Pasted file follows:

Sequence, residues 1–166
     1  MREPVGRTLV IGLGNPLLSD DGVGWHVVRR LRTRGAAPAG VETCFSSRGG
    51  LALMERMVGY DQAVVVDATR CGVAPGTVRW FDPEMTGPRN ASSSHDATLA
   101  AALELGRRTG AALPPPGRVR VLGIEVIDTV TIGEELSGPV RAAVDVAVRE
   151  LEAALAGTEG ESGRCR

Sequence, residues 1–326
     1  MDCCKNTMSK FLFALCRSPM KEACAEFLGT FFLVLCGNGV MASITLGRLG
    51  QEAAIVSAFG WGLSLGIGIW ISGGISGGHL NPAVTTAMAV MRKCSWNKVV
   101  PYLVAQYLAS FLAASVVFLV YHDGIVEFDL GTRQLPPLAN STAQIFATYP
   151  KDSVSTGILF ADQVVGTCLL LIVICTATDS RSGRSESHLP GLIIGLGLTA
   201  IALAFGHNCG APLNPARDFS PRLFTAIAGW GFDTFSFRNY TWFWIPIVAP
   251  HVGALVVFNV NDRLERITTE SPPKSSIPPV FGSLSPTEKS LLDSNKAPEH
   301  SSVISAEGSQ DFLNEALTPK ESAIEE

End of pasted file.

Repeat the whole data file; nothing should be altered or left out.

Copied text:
Sequence, residues 1–166
     1  MREPVGRTLV IGLGNPLLSD DGVGWHVVRR LRTRGAAPAG VETCFSSRGG
    51  LALMERMVGY DQAVVVDATR CGVAPGTVRW FDPEMTGPRN ASSSHDATLA
   101  AALELGRRTG AALPPPGRVR VLGIEVIDTV TIGEELSGPV RAAVDVAVRE
   151  LEAALAGTEG ESGRCR

Sequence, residues 1–326
     1  MDCCKNTMSK FLFALCRSPM KEACAEFLGT FFLVLCGNGV MASITLGRLG
    51  QEAAIVSAFG WGLSLGIGIW ISGGISGGHL NPAVTTAMAV MRKCSWNKVV
   101  PYLVAQYLAS FLAASVVFLV YHDGIVEFDL GTRQLPPLAN STAQIFATYP
   151  KDSVSTGILF ADQVVGTCLL LIVICTATDS RSGRSESHLP GLIIGLGLTA
   201  IALAFGHNCG APLNPARDFS PRLFTAIAGW GFDTFSFRNY TWFWIPIVAP
   251  HVGALVVFNV NDRLERITTE SPPKSSIPPV FGSLSPTEKS LLDSNKAPEH
   301  SSVISAEGSQ DFLNEALTPK ESAIEE